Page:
Maybe the girl bosses are like wuxia heroes and are mostly free of sexual desire. I don't know. At least a tenth of the runtime of all sukeban pulp movies are sex scenes, but there are very few scenes suggesting love or even intimacy. Most of the sex in pulp flicks is rape—it's either that or it's one of the girl gangsters using sex to exploit, blackmail, or otherwise trick male rivals. And there is also nothing special about the sisterhood of the sukeban heroes, either. They are female outlaws but they are outlaws first. So, there is a surprising dearth of girl-on-girl sex, and when it arrives early in this film, and Kubo Kyoko invades a toilet stall to seduce a student monitor (is that Kano Yuko 叶優子?), it falls into the second category, sex to exploit or blackmail. It's played like a porn scenario, with the student monitor resisting at first, then relenting, having a shuddering orgasm as she is fingered over the toilet bowl, but, still, there is something tender in it, and it stands out in a genre dominated by sadistic torture and rape fantasies.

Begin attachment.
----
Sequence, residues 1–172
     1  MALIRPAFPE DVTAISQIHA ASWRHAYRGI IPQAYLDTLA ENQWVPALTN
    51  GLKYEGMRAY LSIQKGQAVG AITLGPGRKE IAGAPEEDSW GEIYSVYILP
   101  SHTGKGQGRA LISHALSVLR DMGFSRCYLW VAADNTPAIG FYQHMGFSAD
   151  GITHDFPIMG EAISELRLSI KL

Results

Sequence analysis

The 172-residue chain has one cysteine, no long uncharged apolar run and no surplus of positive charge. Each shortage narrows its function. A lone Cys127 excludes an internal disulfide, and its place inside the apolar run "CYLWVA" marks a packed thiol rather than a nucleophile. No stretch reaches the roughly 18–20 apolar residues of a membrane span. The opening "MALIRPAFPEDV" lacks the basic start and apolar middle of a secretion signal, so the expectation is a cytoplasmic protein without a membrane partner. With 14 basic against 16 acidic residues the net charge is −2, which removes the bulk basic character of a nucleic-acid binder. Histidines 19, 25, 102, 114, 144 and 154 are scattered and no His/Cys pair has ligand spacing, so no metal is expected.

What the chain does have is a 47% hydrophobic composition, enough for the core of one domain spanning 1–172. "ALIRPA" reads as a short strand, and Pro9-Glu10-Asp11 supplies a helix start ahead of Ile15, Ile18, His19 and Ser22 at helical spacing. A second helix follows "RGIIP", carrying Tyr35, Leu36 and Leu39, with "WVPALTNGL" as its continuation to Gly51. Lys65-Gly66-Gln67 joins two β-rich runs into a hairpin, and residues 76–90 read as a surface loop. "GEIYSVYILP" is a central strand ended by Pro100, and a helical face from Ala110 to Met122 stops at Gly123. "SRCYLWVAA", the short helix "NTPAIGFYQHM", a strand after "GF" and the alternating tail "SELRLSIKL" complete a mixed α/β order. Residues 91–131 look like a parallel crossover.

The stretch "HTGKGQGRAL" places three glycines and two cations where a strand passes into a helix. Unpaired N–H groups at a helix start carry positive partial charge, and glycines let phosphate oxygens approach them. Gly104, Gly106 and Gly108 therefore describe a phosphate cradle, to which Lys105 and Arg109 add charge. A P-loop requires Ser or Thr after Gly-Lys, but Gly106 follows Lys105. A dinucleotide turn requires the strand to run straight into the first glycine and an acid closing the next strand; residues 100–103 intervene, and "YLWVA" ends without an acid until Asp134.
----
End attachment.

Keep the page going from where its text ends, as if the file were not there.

Ike Reiko 池玲子 appears as Takigawa Maki 多岐川真紀, ripping through the hallways of the school on her Yamaha, then striding to the lectern to deliver a formal introduction and an invitation to one-on-one combat.

Ike Reiko and Sugimoto Miki never did much after churning out pulp films in the '70s. Sugimoto made her debut at the age of eighteen, had her final starring role at twenty-one, had almost completely disappeared by her twenty-third birthday, and announced her retirement from the entertainment industry shortly after. Ike Reiko started around the same time as Sugimoto, tried her hand as a singer, then mostly faded away, appearing on TV through the early-1980s (there are rumors of a drug arrest and another for gambling, but I can't find any Japanese-language references or contemporary news stories). I don't consider myself a devoted fan of Japanese genre films, and this exploration of sukeban might not yield much more than a deep admiration for both women. Like every great actor, they play roughly the same character in each film, but light up the screen every time they appear. Sugimoto is the quietly resilient hero, bound by chivalric codes, and Ike is a bone hard vixen, happy to cut the throat of any man that crosses her—these are not, superficially, at least, complicated characters, but both women have so much going on in a single glance or a smile that there seems to be so much more to them.

As they do in most films, Ike and Sugimoto team up in Lynch Law Classroom. Noriko agrees to the duel but explains that she has a more pressing concern—justice for Akiyama—and Maki agrees to postpone their personal score-settling (she makes her jump the Yamaha over a pile of barrels).